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Nylex
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(Original post by irisng)
Someone explain to me what a positron is and what a positronium and what a lepton is!!!!
Positrons are basically electrons with a positive charge. Positronium?

Leptons are fundamental particles (ie. they're not composed of other particles) but not quarks (which are also fundamental) - eg. electrons, positrons, tau particles and all their associated neutrinos.

Hopefully that's right, haven't done any particle physics in a while. No doubt elpaw will correct me .
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dinkymints
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(Original post by irisng)
Hey whoever you are - are you from Cambridge or something? Someone explain to me what a positron is and what a positronium and what a lepton is!!!! (I don't even do physics AS so that explains my ignorance) All this sounds extremely interesting, however, just mind-boggling :eek: and truth is the only thing I understand is the electron - thanks to GCSE and AS Chemistry hehe .
A positron is the antiparticle of an electron.

An electron is a type of lepton - leptons are fundamental particles. Other leptons are muons and taus, plus 3 types of neutrinos.

I think, anyway, I've only done GCSE physics!!

*edit* Beat me to it!!

Forgot to say, here's a good site:

http://durpdg.dur.ac.uk/lbl/particle...tstandard.html
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khil
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(Original post by polthegael)
I have a head full of random and useless facts
Makes two of us! Although mine is voluntary it all comes from documentaries - but only so much you can learn cus they repeat themselves. I've literally watched all there is to watch, given the programmes available on discovery channels in sky for science and wildlife. Even if I haven't they always go on about the same things - like spiders dissolving prey's insides and sicking it out like a milkshake - I've heard that in all the spiders documentaries I've watched, and believe me I've watched a lot. They don't repeat facts about the brain so often though cus there's more to talk about - trouble is then they start repeating the same documentaries!!!!!!1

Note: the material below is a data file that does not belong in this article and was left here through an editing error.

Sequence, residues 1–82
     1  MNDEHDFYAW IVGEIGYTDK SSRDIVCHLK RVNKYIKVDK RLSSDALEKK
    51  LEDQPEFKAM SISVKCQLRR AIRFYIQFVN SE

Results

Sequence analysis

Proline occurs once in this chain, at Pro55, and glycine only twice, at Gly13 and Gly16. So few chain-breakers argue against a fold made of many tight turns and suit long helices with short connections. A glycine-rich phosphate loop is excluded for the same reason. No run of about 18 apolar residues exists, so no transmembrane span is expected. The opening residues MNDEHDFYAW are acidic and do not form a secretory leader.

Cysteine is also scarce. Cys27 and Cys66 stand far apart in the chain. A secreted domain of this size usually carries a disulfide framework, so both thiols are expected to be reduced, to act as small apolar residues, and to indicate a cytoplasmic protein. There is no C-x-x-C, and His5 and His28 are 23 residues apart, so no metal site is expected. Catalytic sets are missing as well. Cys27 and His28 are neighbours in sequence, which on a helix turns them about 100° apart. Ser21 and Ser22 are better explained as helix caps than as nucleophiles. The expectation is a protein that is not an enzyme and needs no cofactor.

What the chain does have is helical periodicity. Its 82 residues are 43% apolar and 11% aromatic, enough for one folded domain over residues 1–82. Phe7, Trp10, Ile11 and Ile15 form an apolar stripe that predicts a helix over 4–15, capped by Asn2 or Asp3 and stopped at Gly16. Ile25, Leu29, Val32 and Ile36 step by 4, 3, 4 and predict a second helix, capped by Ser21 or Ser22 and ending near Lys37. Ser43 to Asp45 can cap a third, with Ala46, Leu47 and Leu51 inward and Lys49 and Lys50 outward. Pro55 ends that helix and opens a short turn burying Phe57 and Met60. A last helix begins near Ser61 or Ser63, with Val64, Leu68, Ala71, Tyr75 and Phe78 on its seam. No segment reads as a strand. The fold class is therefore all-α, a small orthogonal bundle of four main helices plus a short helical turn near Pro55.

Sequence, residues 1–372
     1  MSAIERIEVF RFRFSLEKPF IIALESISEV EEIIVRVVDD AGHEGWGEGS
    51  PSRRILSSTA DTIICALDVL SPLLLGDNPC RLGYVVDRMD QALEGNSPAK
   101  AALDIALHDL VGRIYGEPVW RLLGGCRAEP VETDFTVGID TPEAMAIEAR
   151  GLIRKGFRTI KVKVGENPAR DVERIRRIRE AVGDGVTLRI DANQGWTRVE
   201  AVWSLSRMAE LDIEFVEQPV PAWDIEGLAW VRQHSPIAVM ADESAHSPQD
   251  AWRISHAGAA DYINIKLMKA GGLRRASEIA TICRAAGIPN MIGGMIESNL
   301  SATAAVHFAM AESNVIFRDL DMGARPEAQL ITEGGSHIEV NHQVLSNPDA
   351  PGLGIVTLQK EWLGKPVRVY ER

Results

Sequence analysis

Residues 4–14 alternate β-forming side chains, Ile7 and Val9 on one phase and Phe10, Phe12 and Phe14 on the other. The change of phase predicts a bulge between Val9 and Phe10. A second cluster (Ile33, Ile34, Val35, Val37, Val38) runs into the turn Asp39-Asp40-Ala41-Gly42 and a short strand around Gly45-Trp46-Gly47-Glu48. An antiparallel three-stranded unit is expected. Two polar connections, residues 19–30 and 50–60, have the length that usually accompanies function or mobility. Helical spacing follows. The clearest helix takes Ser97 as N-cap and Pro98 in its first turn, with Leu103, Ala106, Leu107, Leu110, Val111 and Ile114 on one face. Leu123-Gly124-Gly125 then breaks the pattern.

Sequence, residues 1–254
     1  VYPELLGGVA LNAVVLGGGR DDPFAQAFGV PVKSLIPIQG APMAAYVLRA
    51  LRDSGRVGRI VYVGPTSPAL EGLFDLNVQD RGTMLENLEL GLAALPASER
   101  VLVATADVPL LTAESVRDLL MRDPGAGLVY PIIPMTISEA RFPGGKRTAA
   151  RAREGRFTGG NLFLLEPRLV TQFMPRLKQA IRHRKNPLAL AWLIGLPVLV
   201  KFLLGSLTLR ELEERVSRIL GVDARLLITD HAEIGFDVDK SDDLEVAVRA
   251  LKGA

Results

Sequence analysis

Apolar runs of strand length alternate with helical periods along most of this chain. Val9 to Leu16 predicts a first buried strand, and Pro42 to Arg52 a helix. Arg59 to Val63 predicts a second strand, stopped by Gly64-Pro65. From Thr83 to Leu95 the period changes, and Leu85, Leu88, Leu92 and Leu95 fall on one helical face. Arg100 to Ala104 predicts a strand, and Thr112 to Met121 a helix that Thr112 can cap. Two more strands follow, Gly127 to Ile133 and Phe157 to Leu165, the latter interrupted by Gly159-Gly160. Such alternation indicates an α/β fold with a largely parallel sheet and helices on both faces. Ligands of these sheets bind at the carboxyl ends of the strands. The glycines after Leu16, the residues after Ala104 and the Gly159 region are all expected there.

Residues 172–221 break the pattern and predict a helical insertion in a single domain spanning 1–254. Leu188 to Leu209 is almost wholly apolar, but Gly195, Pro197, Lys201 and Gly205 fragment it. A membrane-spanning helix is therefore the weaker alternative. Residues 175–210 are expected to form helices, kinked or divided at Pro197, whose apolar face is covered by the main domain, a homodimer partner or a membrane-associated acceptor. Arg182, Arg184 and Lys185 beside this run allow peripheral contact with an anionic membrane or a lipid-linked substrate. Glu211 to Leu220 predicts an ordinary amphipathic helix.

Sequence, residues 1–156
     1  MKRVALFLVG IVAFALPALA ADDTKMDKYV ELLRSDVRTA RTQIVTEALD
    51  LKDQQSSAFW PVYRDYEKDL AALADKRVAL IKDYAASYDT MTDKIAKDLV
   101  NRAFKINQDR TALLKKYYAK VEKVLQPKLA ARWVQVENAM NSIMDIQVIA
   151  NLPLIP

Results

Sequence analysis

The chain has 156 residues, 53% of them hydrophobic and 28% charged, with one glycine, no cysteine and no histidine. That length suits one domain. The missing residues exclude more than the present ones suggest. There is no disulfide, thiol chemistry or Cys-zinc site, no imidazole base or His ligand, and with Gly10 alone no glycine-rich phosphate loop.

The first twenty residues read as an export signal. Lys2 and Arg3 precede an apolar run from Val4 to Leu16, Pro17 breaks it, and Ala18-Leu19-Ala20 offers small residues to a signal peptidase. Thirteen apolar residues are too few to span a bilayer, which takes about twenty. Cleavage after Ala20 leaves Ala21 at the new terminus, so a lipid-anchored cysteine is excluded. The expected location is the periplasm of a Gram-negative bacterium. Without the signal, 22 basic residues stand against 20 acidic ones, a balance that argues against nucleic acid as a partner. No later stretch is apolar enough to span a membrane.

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dinkymints
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(Original post by Nylex)
Why aren't leptons fundamental??
typo (or my fingers are not connected to my brain!), I edited it straight after... you're quick!!
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khil
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Just to clarify - I'm not keen on spiders. However I am a bit of a snake fanatic hehehehehehehehe (mwhahahaha - see my fangs?)
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Nylex
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(Original post by dinkymints)
typo (or my fingers are not connected to my brain!), I edited it straight after... you're quick!!
Hehe. Will delete that post above.
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elpaw
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#39
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leptons could be unfundamental - they could be branes, which themselves could be made of "brane substance" which would be fundamental
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Nylex
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(Original post by elpaw)
leptons could be unfundamental - they could be branes, which themselves could be made of "brane substance" which would be fundamental
Told you :rolleyes:. What are branes??